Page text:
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It's been three long years since our last look at Christmas movies in the DVD Advent Calendar and, in that time, Hollywood doesn't seem to have lost interest in churning out festively themed features. While the quality of these movies is largely mediocre, this sub-genre does occasionally throw up a few gems. So, without further ado, let's take a look at twelve more Crimbo-set movies.

'tis the season... The 12 DVDs of Christmas
1. The Polar Express
A young boy's belief in Santa Claus is starting to waver, but that's set to change when he boards the Polar Express, an enchanted steam-train with the destination of the North Pole.

‘Visually astonishing’ would be one term used to describe the ‘first all-digital capture’ film. Another would be ‘pretty boring’ as, despite its impressive visuals, the ponderous narrative is so slow-paced that this will probably only find favour with young children.

Tom Hanks takes the majority of the voice-over parts but his vocals are so instantly recognisable it's hard to differentiate between each character. Producer/Director Robert Zemeckis returned to the world of digital capture with 2007's Beowulf, and looks set to do so again with the 3284th adaptation of A Christmas Carol, scheduled for 2009.

The Polar Express is available as two-disc Special Edition including featurettes, behind the scenes footage and a music video.

2. Surviving Christmas
Drew Latham (Ben Affleck) is a money-obsessed record executive who, after being dumped by his girlfriend, decides to revisit his old family home for Christmas. The fact that the house is now owned by another family does not deter Latham, who offers them $250,000 if he can be a part of the festivities.

You'd be hard pressed to find a Christmas movie quite as lousy as 2006's Surviving Christmas. Even the woeful Christmas with Kranks from the same year (see below) has the edge on this ill-tempered and unpleasant movie. The absence of a single funny moment in the over-long running time and the fact that the likes of James Gandolfini, Christina Applegate, Catherine O'Hara are all wasted, means that this is not only one of the worst Christmas movies to ever be produced, but one of the worst mainstream movies to ever be produced.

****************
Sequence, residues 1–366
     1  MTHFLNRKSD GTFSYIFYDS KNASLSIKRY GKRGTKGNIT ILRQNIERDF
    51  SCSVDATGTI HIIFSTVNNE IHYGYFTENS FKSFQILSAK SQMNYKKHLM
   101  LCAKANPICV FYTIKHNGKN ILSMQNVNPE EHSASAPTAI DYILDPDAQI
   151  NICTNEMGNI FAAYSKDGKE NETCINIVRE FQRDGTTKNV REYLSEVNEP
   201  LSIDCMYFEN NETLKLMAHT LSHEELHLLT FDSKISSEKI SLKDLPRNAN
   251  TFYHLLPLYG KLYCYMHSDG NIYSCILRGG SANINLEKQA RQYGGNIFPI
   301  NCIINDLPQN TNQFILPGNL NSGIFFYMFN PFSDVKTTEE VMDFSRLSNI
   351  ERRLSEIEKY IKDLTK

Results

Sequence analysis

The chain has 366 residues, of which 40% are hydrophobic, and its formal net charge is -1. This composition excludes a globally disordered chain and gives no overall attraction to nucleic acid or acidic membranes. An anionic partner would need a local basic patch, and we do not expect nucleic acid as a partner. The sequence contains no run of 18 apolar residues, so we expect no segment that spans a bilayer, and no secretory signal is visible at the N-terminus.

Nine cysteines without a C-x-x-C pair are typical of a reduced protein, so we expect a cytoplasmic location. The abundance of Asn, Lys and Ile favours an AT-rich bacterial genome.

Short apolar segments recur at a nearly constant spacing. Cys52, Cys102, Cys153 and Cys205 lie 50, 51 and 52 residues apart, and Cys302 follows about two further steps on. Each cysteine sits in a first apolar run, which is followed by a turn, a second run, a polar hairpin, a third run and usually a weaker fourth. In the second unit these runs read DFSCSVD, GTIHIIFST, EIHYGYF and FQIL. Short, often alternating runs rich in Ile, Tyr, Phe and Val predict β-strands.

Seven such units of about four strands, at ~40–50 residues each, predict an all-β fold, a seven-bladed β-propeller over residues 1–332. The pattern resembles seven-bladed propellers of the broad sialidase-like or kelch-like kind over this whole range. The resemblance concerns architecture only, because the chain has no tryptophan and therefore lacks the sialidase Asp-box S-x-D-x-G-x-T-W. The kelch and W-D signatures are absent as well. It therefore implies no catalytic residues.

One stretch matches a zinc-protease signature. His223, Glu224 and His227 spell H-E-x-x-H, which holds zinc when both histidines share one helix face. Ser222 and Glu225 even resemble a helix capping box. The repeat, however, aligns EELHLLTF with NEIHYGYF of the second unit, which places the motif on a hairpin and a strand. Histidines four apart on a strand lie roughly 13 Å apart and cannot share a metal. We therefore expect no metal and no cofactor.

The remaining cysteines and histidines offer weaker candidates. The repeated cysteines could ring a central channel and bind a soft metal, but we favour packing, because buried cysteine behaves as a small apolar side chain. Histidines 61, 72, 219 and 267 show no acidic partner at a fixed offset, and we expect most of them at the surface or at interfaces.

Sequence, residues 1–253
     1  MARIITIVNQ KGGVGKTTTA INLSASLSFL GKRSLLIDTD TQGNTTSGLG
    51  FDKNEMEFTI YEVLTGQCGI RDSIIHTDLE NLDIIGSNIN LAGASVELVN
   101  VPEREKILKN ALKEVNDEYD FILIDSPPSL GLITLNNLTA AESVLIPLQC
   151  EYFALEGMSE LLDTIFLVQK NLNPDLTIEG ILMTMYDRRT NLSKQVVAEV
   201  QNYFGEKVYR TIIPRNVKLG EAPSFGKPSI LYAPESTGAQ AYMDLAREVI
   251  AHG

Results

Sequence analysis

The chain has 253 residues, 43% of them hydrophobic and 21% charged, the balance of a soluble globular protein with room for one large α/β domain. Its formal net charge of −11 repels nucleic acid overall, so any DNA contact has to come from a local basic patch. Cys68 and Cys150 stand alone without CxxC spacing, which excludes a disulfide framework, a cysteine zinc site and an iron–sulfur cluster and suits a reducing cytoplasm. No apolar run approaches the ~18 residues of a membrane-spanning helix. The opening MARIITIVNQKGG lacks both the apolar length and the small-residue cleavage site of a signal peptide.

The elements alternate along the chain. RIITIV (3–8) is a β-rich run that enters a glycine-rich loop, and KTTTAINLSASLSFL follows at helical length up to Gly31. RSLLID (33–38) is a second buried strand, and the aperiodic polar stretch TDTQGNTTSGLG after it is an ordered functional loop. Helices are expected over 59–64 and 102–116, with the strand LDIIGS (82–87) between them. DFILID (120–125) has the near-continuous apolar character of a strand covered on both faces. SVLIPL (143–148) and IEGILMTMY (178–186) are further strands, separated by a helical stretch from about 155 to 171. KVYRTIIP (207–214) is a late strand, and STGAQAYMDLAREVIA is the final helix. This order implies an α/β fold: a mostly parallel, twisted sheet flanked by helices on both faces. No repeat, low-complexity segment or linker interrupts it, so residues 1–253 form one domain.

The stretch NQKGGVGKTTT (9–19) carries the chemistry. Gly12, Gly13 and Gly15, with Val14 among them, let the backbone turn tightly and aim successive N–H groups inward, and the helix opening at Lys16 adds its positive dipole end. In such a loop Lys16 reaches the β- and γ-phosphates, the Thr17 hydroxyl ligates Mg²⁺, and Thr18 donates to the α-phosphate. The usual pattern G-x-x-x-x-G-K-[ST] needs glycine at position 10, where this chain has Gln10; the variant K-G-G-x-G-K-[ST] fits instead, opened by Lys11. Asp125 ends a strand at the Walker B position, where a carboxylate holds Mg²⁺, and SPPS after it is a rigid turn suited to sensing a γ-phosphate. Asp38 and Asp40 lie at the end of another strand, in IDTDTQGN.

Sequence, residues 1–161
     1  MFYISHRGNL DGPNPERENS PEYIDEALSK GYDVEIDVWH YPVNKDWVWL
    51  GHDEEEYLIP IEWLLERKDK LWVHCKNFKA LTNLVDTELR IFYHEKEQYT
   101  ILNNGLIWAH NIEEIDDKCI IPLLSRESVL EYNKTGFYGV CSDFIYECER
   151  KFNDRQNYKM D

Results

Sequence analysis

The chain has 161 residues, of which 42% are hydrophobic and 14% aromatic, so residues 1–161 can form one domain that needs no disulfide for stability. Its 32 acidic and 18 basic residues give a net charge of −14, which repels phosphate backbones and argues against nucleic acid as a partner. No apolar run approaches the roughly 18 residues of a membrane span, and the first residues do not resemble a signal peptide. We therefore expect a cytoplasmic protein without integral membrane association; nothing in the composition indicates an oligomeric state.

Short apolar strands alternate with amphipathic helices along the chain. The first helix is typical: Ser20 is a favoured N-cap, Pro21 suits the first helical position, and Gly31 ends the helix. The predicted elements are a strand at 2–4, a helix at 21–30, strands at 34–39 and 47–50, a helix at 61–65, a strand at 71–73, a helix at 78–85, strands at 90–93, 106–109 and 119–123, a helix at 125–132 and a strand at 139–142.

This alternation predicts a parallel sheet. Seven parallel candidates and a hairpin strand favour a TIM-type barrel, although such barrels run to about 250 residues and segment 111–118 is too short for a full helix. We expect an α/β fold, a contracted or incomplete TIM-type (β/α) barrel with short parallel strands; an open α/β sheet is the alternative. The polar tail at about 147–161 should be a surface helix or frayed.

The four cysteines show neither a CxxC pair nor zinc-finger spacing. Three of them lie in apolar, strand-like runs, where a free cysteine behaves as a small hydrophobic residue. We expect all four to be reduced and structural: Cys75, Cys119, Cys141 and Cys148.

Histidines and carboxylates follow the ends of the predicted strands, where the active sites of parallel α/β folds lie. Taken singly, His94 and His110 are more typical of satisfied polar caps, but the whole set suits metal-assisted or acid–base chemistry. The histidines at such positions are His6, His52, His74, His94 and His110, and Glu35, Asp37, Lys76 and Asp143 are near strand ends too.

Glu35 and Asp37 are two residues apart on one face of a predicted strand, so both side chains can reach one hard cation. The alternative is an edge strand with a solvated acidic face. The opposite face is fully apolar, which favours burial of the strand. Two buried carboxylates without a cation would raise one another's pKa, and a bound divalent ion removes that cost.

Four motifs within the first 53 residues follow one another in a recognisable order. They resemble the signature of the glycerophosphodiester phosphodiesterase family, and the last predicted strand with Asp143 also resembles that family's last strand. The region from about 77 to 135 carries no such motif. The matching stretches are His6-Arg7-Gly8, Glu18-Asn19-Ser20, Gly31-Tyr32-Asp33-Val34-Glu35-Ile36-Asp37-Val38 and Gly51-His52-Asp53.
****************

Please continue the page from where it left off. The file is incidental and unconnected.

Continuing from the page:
Dreamworks seemed too aware that they had a stinker on their hands and released the movie in cinemas in October. It staggered to DVD mere weeks later. Best avoided; the disc contains an alternate opening sequence, a storyboard gallery and a behind-the-scenes featurette.

'tis the season... The 12 DVDs of Christmas
3. A Christmas Story
All Ralphie Parker (Peter Billingsly) wants for Christmas is a an ‘official Red Ryder, carbine action, two-hundred shot range model air rifle, with a compass in the stock and 'this thing' which tells time’. It's just a pity that his parents seem to be under the impression that those things can ‘shoot your eye out’. An older Ralphie narrates the tale of the lead-up to a Christmas in the 1930's, including a disastrous visit to see Santa Claus and some troublesome dares with his schoolmates.

Missing from the earlier list because it remains unavailable (and largely unknown) in the UK, the enduring popularity of A Christmas Story means it cannot be overlooked again. The region one DVD contains an audio commentary and numerous featurettes.  A Christmas Story has been cited as the chief inspiration for ‘The Wonder Years’, which is reason enough for UK readers to seek out this small-scale, yet decidedly charming, movie.

4. Ernest Saves Christmas
Ernest P. Worrell (Jim Varney) is working as cab driver and picks up a fare who just so happens to be Santa Claus. Unfortunately, when Santa leaves his magic sack of toys behind, it's up to Ernest to track him down and put the festive season back on track.

Sad as it is to say it, if there's one benefit of Jim Varney's untimely death it's that the world has been spared of any more Ernest features. This, the second of eight fully fledged theatrical outings, is one of the best of the bunch. Unfortunately, that's not saying much: Varney mugs his way through a series of comical misunderstandings before we reach a flat and uninspired finale.

It's a travesty! Ernest Saves Christmas is currently unavailable on region two. The region one release, meanwhile, is a vanilla affair.

'tis the season... The 12 DVDs of Christmas
5. Christmas with the Kranks
When their daughter leaves the family nest just before Christmas, the Kranks (Tim Allen and Jamie Lee Curtis) decide to shun the festivities and take a cruise. However, their lack of festive cheer does not find favour with their neighbours and friends.

An ill-judged movie of epic proportions, Christmas with the Kranks suffers from a woeful script, a hideous premise and wholly annoying performances from all involved. Screenwriter and producer Chris Columbus seems to have lost track at just who the target audience should be for this type of feature: a visit from the 'real' Santa sitting unevenly with sketches involving botox injections.
Trailers and a featurette on decorations are the only extras on the DVD but, since you'd have to be criminally insane to want to own this movie, maybe you'll appreciate them too.

6. It's A Very Merry Muppet Christmas Movie
Kermit the Frog is having a very bad Christmas. The Muppet Theatre will be closed down unless they can find the money to pay an unscrupulous bank owner (Joan Cusack). Believing that his friends will be better off without him, Kermit contemplates suicide... only for an angel (David Arquette) to show him what the world would be like without him.